Indianapolis-based Steak n Shake, already struggling before the COVID-19 pandemic, closed 57 restaurants in the first quarter—a stretch when it posted a nearly $11 million operating loss.
With its restaurants limited to drive-thru, takeout or delivery nationwide for much of March because of the virus outbreak, the burger chain saw quarterly revenue plummet by $59 million, or 35%, compared with the year-ago period, parent Biglari Holdings Inc. reported late Friday.
Fifty-one of the Steak n Shake closures were company-owned restaurants and six were franchised. The closings reduced the number of franchised stores to 247 and total restaurants to 553, down from 624 a year ago.
Steak n Shake said most of its dining rooms were closed by March 17 because of the pandemic. Plus, 62 of its corporate stores were temporarily closed.
“The COVID-19 pandemic had an adverse effect on our restaurant operations,” Biglari said in its quarterly report, which led to a re-evaluation of the carrying value of its restaurants and a decision to record a $10.3 million impairment charge. The non-cash impairment charge is separate from Steak n Shake’s operating loss for the quarter of $10.9 million.
Biglari said the impairment charge was warranted “because of the decision to permanently close 51 Steak n Shake restaurants as well as the expected impact of the COVID-19 pandemic on the future operating performance of other company-operated restaurants.”
Steak n Shake’s quarterly performance was actually an improvement over the first quarter of 2019, when it posted an operating loss of $18.9 million.
The chain has been struggling in recent years, with customer traffic counts sliding 22% from 2015 through 2019 and operating losses in 2018 and 2019 totaling $29 million.
Last year, Steak n Shake started transitioning company-owned restaurants to single-unit franchise partnerships. As part of that plan, it “temporarily” closed more than 100 locations as it sought franchise partners.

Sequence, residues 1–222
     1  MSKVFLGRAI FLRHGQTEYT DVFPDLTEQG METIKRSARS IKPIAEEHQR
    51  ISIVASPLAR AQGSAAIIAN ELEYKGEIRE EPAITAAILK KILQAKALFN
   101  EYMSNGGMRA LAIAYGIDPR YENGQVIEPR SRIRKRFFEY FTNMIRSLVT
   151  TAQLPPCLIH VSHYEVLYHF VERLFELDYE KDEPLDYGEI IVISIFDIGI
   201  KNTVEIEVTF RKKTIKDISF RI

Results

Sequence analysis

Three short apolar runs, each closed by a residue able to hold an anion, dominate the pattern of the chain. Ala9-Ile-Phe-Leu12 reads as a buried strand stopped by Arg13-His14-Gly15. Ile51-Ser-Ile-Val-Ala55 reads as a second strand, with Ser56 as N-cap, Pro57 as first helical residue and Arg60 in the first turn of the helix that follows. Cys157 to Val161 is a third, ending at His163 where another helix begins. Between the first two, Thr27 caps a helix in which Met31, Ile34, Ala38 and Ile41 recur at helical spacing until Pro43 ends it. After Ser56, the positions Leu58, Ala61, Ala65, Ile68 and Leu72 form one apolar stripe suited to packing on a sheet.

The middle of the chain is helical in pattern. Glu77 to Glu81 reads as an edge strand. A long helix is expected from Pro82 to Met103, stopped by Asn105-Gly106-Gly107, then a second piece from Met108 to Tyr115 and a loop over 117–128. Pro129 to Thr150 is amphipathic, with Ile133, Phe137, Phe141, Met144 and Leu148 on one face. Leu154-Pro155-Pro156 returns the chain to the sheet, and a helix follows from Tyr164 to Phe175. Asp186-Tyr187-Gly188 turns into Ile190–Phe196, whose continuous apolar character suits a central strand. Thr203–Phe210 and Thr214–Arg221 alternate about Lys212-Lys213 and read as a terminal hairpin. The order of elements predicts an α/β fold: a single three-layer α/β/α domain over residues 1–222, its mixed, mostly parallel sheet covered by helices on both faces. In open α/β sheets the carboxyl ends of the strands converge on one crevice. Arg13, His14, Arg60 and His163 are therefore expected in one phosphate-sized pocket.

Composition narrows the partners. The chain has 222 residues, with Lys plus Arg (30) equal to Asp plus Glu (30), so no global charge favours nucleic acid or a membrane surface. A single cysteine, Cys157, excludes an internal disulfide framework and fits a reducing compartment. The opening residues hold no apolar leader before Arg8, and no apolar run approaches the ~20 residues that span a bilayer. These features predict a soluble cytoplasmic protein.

The chain said it increased total franchise partners to 39 in the latest quarter.
Steak n Shake’s outlook is even dimmer for the second quarter, with all of its dining rooms closed during April and beef shortages reducing profit margins.
The company has a $165 million term loan scheduled to be paid off in March 2021—a debt it lacks the ability to repay and is unlikely to be able to refinance.
Rating agencies already rank Steak n Shake on the lowest rungs of their creditworthiness ladders and further sounded the alarm bells in recent weeks after the chain paid off some of its debt at a discount—something a lender never would agree to if it thought it was going to be paid in full.
San Antonio-based Biglari Holdings reported a loss of $137.9 million in the quarter, or $400.37 per share, down from a profit of $9.8 million, or $28.36 per share, a year ago. Revenue fell from $181.9 million to $135.7 million.
Most of the company’s first quarter losses were due to $175.7 million in losses from investment partnerships managed by hedge fund Biglari Capital Corp.
In addition to Steak n Shake, Biglari Holdings has a broad range of investments—it holds nearly 9% of the Cracker Barrel restaurant chain, and also owns insurance companies, an operator of oil fields, men’s magazine Maxim and steakhouse franchising firm Western Sizzlin.
Like all restaurant companies, Cracker Barrel shares have plunged this year, dropping 38%.
Biglari Holdings’ Class A shares fell $7.37 Friday, closing at $322 each.
CEO Sardar Biglari did not return a phone call seeking comment.